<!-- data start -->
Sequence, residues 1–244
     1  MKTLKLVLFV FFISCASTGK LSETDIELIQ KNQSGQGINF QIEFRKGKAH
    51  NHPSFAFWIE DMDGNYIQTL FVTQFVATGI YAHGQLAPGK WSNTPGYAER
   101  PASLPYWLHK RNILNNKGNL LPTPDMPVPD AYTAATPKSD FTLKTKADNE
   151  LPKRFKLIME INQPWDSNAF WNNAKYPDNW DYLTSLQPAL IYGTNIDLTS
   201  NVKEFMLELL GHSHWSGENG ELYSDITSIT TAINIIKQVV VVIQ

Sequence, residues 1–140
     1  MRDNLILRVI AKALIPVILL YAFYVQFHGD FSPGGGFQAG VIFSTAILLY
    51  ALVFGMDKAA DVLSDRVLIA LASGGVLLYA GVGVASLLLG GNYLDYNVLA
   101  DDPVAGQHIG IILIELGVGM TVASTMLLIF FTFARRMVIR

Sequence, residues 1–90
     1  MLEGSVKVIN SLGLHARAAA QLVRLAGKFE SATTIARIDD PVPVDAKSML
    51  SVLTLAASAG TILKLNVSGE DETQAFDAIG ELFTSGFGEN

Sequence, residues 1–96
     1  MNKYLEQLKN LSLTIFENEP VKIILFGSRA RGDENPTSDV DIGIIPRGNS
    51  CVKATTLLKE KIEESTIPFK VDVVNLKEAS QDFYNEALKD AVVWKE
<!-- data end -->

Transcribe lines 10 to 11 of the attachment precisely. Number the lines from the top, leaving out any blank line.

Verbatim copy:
   101  DDPVAGQHIG IILIELGVGM TVASTMLLIF FTFARRMVIR

Sequence, residues 1–90